Learning to Fly

By Carrie Coleman

I went unplugged for six weeks in the spring of 2016, but I didn’t go about it in the most orthodox of ways. And it wasn’t at all by choice.

I was 41 years old, balancing a killer new sales job with the usual challenges that come with marriage and being a mother of two. I was at the top of my game.

And I was an alcoholic.

I was standing in my bedroom moments after an intervention with less than 45 minutes to pack my bags before heading off to a treatment facility.

This wasn’t the first time the word rehab had been mentioned to me. Years before, my husband brought it up in one of his many conversations with me about “my problem.” I believe his direct quote was, “I hope I don’t ever have to look our children in the eye and tell them that we can’t afford to send them to college because we spent that money to send Mommy to rehab.”

That comment didn’t exactly inspire immediate sobriety. It did, however, spawn behavior that would spiral for years. Instead of quitting, I became determined to prove him wrong. Because I was fine, thank you very much.

My life became an obsession with pacing myself, making sure I drank slowly enough and ate frequently enough that intoxication wouldn’t creep up on me. What did creep up on me was a little voice inside my head that kept whispering, “He’s right.”

I blocked that voice out for a long time. Usually by taking another drink or with another night of getting away with my charade. But the “better” I got at it, the more invincible I thought I was, and the louder that whisper got. Eventually the whisper became a deafening scream that literally began to hold me hostage. I felt like a bird in a cage, and I wanted so badly to fly away — to be able to live life without constantly looking over my shoulder to see if I was getting away with it. I just wanted to be free.  

Eventually trying to stay happy in my little cage became too difficult, and I jumped at any chance I got to spread my wings. I thought I was doing something that would make things better at home. If my husband didn’t want to go anywhere with me, I would just go out with other friends for the night, have my fun and then we’d all be happy. I longed so much for life outside of the cage that when I finally found opportunities to soar, I literally forgot how to fly. I just didn’t know when to stop, which turned into friends and family members having to take care of me every time I drank — and witnessing unbearable behavior that I don’t even remember.

But that’s the thing — somehow there was always someone there to take care of me. Always someone to pick me up when I was too drunk to walk. Always someone to drive me home because I was too drunk to drive. Always someone to help me justify my behavior because they understood that trying to survive in that cage was slowly killing me.

All of this created a woman who went from being a social drinker to someone who couldn’t get through the day without drinking a whole bottle of wine. But I kept justifying all of it because I’d never hit rock bottom, right?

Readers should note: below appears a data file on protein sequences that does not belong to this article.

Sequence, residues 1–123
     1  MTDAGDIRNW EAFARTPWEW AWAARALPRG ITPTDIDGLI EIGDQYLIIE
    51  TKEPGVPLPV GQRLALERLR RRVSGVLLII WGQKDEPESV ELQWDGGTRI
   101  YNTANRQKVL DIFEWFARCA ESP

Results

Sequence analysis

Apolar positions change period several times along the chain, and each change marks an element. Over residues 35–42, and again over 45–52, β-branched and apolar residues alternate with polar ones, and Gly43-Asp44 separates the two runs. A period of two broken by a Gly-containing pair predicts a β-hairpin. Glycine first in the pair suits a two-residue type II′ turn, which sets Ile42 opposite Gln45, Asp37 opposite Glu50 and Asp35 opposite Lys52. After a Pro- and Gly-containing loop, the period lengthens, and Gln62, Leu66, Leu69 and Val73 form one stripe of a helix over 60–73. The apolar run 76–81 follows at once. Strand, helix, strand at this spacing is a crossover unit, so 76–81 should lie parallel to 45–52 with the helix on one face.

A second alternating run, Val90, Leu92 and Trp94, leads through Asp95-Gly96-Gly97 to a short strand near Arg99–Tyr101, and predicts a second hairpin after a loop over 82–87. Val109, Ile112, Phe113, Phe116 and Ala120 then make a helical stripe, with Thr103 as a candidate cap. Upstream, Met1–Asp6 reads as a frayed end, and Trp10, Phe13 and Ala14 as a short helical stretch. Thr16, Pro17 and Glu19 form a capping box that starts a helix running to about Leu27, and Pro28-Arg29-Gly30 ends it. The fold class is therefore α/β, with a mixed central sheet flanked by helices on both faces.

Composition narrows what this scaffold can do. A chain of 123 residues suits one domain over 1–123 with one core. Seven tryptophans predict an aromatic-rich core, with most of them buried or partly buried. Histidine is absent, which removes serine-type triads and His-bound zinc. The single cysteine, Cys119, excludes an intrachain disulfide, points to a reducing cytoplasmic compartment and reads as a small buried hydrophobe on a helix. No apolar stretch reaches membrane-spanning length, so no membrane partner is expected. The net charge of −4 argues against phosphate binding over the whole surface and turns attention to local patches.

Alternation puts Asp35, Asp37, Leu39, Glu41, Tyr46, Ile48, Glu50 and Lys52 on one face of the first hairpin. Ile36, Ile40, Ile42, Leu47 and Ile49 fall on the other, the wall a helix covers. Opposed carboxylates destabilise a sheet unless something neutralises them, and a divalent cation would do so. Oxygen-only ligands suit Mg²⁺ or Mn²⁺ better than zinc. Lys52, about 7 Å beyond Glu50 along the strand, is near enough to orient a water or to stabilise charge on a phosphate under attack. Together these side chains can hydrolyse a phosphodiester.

Wrong. There were so many moments that should have been rock bottom for me, but they weren’t, because I didn’t get arrested or thrown in jail or wrap my car around a telephone pole. Every single one of those things should have happened to me. Multiple times. But they didn’t. So a bad night out could make me feel really bad the next day (in more ways than one), but since I wasn’t dead or incarcerated I didn’t consider it to be a problem.

Then my husband staged the intervention, and by the grace of God I agreed to get help. I got to the treatment facility, and after signing all the paperwork and going through interviews with nurses and doctors and CT techs, I was given a handful of pills and put in a detox room. Then I curled up in the bed and cried myself to sleep.

I didn’t wake up until almost lunchtime the next day. I was exhausted but alert enough to open my eyes and realize it hadn’t been a dream. I heard voices outside my window and opened the curtain to peek out.

There were so many reasons I’d fought going to rehab. I didn’t have six weeks of my life to give up for treatment. I had a job and children and things to do, for Pete’s sake! But more than anything, I’m ashamed to say that I fought it because of the stigma. I had this vision in my head of what people who went to rehab looked like. You probably have it, too. People who wind up in rehab are losers, right? They look like losers. They act like losers. They ARE losers. And dammit, that wasn’t me.

But there I was. Staring out the window from behind a white curtain in the detox ward of an addiction treatment facility. And I couldn’t believe what I saw. A group of about eight women, just sitting around, relaxing and enjoying life. They were laughing. They were joking. They were smiling. They seemed so … free.

And they looked just like me.

Right at that moment, a bird flew in front of my window. It looked me in the eye, almost like it wanted to say something, and then it flew away.

All of a sudden it occurred to me — I’d hit rock bottom. And I’d hit it in the most beautiful way possible. Somehow, in the midst of my shame and fear and feeling of defeat, I knew that I was free. And I was about to fly.

 

Carrie lives in Spartanburg, S.C., with husband Mark and their two children. When she isn’t mommying she teaches Pilates at Converse College and Pure Barre Spartanburg. She recently celebrated her 17th month of sobriety.

Editor’s note: skirt! magazine publishes selected essay submissions each month as part of our mission to amplify women’s voices and issues women care about.